Sexual victimization of female students during the commute to college is a common and sometimes serious problem. This small-scale study that gathers victim survey data from a sample of 140 female college students in New York City provides insight into their experiences of sexual victimization during the commute to college. It is informed by a “whole journey” approach that includes walking to and from the bus/subway stops as well as waiting for and riding on the bus or subway. The study findings highlight extensive patterns of victimization during all stages of female students’ subway commute to and from college. It is important for colleges and universities in the cities to learn about and deal with off-campus sexual victimization and work with other stakeholders to enhance the safety of commuting students by developing effective and appropriate measures to reduce the opportunities for sexual victimization.
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These concerns are reflected in social media accounts such as Twitter and YouTube. In NYC, between 2011 and 2014, 153 people reported sexual harassment incidents within the subway system through Hollaback, an anti-street harassment organization. During the same period, nearly 30 such incidents were reported in the New York City’s three major daily newspapers, New York Post, The Daily News and The New York Times. A New York Post story reports a more than 50% spike in subway sex crimes recorded by the NYPD (June 22, 2016). There were 458 complaints of lewdness reported between 1 January and 19 June 2016, up from 299 for the same time frame for 2015. In fact, all around the world, attention has recently been paid to high levels of violence against women and girls (VAWG) in public transport and adjacent public spaces. Providing a safer environment, recognizing the travellers’ concerns and vulnerabilities, is also an important agenda for public safety and security (World Bank 2016).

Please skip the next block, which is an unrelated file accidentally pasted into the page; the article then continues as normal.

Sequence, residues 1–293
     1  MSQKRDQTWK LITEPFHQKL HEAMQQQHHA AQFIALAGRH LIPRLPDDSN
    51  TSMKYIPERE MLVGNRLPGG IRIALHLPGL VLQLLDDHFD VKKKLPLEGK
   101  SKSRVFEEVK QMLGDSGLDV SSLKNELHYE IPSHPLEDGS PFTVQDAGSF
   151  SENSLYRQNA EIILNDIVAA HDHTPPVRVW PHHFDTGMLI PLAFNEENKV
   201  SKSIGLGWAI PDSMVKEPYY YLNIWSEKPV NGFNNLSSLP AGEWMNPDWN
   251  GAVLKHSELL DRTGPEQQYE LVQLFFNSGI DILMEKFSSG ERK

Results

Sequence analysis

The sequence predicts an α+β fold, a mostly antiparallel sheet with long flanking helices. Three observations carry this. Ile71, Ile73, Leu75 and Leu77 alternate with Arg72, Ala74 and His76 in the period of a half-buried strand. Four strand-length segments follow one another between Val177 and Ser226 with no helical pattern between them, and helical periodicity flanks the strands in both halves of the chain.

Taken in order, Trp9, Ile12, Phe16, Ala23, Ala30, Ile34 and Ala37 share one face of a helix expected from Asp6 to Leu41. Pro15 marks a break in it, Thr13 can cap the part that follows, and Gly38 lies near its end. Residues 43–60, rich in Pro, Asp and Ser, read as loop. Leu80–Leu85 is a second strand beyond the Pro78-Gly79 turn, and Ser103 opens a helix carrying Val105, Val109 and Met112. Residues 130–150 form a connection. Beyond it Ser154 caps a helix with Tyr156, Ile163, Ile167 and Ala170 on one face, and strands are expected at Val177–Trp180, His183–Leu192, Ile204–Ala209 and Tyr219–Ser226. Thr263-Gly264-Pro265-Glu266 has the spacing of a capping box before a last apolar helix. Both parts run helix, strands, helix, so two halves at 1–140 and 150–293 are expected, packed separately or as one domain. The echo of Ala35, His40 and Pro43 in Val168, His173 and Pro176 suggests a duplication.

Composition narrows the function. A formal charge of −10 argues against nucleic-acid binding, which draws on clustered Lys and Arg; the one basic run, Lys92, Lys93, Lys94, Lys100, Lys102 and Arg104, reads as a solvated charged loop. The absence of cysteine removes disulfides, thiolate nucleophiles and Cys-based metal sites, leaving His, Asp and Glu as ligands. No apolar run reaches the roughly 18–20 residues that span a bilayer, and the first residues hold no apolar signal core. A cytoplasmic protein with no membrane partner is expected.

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This study was funded by the CUNY Diversity Projects Development Fund (2016), sponsored by the Office of the Vice Chancellor for Human Resources Management. Thanks are due to the faculty members who willingly gave class time to distribute the survey. Our sincere thanks go to the students for their responses to the survey and for their invaluable answers to the open-ended questions.
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Natarajan, M., Schmuhl, M., Sudula, S. et al. Sexual victimization of college students in public transport environments: a whole journey approach. Crime Prev Community Saf 19, 168–182 (2017). https://doi.org/10.1057/s41300-017-0025-4
- Public transport
- Situational prevention
- Routine precautions